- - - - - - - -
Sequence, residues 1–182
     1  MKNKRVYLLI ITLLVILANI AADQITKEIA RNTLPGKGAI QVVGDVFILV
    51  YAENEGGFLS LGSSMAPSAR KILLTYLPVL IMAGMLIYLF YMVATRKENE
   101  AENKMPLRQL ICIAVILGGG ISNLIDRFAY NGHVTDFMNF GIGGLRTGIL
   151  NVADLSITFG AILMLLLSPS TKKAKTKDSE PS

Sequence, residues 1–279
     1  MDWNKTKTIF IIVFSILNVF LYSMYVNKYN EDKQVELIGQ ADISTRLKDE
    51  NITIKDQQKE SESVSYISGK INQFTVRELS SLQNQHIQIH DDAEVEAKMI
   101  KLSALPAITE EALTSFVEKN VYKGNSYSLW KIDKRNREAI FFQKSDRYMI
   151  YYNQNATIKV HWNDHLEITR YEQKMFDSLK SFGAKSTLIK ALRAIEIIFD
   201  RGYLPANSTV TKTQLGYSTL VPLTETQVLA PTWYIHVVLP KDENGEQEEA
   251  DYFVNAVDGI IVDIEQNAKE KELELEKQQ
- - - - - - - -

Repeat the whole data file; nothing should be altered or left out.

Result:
Sequence, residues 1–182
     1  MKNKRVYLLI ITLLVILANI AADQITKEIA RNTLPGKGAI QVVGDVFILV
    51  YAENEGGFLS LGSSMAPSAR KILLTYLPVL IMAGMLIYLF YMVATRKENE
   101  AENKMPLRQL ICIAVILGGG ISNLIDRFAY NGHVTDFMNF GIGGLRTGIL
   151  NVADLSITFG AILMLLLSPS TKKAKTKDSE PS

Sequence, residues 1–279
     1  MDWNKTKTIF IIVFSILNVF LYSMYVNKYN EDKQVELIGQ ADISTRLKDE
    51  NITIKDQQKE SESVSYISGK INQFTVRELS SLQNQHIQIH DDAEVEAKMI
   101  KLSALPAITE EALTSFVEKN VYKGNSYSLW KIDKRNREAI FFQKSDRYMI
   151  YYNQNATIKV HWNDHLEITR YEQKMFDSLK SFGAKSTLIK ALRAIEIIFD
   201  RGYLPANSTV TKTQLGYSTL VPLTETQVLA PTWYIHVVLP KDENGEQEEA
   251  DYFVNAVDGI IVDIEQNAKE KELELEKQQ